My tuna tostada is composed of layers: a smoky chipotle mayonnaise spread over the shell, topped with slices of silky tuna, briefly marinated in ponzu, capped with a scattering of crispy fried leeks and a single perfect slice of avocado. The success of this dish depends on choosing top-quality fish, of course. At Contramar, we only serve it when sustainable tuna is available, so it’s not always on the menu. In San Francisco, I’ve substituted a locally farmed trout, although the rest of the recipe is unchanged. You can also make these with hamachi, kampachi, or albacore. But in my opinion, raw tuna and trout are especially beautiful for their deep pink color. Whatever fish you use, make sure that it’s sashimi-grade and slice it as thinly as possible against the grain.
For the fried tostada shell, it’s ideal to have stale corn tortillas because fresh tortillas curl up in the fryer. In Mexico, you always see people drying out their old tortillas, either to feed to the pigs and chickens or to use in chilaquiles and tostadas. If you know you are going to want to make these tostadas for a party, then plan ahead and leave your tortillas out for a day or two first. Place them in a single layer on a baking sheet with another baking sheet on top of it to keep them flat as they dry out. If you go the extra step of first making tortillas from scratch solely for the purpose of making tostadas, be sure that they’re quite thin: no more than 1⁄8 inch / 3mm thick. A thicker tortilla will be difficult to get crisp in the fryer.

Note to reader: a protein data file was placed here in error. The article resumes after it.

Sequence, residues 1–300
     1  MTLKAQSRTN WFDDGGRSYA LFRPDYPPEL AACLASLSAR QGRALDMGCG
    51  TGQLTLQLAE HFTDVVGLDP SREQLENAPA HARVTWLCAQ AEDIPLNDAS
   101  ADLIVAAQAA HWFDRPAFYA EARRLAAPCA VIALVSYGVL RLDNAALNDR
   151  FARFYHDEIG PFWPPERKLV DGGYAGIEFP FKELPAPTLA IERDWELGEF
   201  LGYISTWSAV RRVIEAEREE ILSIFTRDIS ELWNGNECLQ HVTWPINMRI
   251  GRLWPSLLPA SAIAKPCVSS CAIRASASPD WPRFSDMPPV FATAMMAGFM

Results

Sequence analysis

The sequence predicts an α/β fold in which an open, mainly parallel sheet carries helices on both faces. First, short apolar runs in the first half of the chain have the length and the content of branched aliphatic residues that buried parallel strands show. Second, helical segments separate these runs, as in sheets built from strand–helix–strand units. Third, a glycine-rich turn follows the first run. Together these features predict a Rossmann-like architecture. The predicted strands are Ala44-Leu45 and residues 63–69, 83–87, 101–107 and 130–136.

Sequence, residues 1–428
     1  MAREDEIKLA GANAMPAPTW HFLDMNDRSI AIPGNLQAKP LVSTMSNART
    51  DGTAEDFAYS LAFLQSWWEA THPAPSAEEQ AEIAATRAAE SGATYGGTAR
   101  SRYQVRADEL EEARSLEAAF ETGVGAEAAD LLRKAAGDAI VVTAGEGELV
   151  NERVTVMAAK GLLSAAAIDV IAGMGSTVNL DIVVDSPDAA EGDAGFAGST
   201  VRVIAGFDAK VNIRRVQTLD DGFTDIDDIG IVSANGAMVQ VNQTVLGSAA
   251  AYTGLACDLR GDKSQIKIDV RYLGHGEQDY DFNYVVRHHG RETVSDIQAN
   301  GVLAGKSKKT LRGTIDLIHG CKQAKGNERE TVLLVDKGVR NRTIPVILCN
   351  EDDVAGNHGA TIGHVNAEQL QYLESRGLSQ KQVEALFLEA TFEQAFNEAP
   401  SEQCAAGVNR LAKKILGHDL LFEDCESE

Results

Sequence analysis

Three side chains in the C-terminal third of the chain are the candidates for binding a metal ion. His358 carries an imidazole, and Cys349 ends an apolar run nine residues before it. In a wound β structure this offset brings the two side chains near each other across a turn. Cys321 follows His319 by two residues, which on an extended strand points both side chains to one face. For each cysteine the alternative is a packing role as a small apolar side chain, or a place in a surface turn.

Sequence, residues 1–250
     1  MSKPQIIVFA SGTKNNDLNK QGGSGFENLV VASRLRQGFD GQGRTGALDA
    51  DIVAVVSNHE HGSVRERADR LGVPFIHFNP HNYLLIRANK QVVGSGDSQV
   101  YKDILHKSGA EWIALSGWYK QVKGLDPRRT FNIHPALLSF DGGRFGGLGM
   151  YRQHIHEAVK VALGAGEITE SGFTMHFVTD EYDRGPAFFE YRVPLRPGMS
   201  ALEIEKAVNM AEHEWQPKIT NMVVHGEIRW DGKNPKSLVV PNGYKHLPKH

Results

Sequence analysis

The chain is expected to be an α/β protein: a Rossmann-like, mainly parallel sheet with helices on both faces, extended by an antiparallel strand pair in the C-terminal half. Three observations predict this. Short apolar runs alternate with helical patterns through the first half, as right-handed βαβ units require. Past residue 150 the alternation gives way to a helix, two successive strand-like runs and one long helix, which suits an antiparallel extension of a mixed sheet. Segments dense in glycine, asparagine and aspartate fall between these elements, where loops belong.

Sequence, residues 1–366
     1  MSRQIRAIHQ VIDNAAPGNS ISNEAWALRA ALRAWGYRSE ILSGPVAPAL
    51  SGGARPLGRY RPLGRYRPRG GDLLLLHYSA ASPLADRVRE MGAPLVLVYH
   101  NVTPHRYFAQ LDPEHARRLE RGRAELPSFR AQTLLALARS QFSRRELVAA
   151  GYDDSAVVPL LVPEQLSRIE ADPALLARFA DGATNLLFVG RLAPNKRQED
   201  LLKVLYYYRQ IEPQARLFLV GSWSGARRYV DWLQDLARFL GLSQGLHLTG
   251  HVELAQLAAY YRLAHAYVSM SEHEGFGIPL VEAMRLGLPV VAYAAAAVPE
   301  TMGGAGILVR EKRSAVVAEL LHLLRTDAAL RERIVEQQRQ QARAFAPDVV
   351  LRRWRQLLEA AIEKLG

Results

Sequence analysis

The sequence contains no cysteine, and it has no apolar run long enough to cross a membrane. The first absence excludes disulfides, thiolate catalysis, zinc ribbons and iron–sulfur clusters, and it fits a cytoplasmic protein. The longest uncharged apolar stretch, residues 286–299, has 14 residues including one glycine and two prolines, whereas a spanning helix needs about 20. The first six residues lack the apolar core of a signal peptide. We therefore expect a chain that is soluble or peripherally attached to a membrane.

This is finger food, so I like my tostadas to be fairly small. To make smaller (than 6-inch/ 15cm) ones, simply, cut your tortillas in half and then fry them.